Are you preoccupied with pain throughout your day?
Do you have to avoid or curb participation in work-related or desirable activities due to discomfort and dysfunction?
While most of us will experience at least some physical pain from time to time, for some people their pain becomes chronic and long-lasting, which can lead to significant physical and mental distress.
Pain is a respectable physical response that lets us know when there is something wrong with our bodies. For example, if you accidentally touch a hot stovetop, your immediate reaction is to pull your hand away. Your brain recognizes the pain that the hot stovetop causes, sometimes even before you realize it yourself.
Your brain knows that if you keep your hand on that hot surface any longer, there is a possibility that you may sustain a serious injury.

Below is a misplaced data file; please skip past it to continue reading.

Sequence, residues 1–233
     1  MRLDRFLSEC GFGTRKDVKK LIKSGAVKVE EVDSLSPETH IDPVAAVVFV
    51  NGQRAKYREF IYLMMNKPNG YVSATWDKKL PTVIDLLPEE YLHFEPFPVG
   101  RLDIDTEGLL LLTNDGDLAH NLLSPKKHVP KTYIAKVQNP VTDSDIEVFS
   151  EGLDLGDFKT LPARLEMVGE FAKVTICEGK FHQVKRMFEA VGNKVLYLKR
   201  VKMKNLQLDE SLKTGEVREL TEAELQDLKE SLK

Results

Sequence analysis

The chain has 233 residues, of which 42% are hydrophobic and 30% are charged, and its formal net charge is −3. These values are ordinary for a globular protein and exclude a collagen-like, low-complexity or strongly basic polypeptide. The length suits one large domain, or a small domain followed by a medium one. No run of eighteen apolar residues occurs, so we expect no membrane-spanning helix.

However, sometimes pain occurs outside of the traditional realm. Sometimes, our bodies may feel pain due to an underlying condition that we have no control over. When we experience pain, it can linger for hours, days, weeks, or even months. Chronic pain can be defined as a persistent pain that lingers for 3-6 months or longer, despite efforts to alleviate it.
Chronic pain is the most common reason why people seek medical help, and there is a vast variety of reasons why it may occur. If you are suffering from chronic pain may experience limited mobility, anxiety or depression, dependence on prescription drugs, and/or an overall impact on your quality of life.
While this can be frustrating and debilitating, physical therapy can help relieve the pain.
Acute pain can be defined as a temporary pain that usually goes away on its own within a few hours, days, or weeks.
Our previous example of touching the hot stovetop and then pulling your hand away quickly would be considered an example of acute pain because the pain would likely subside shortly after you pull your hand away.
Why does chronic pain occur?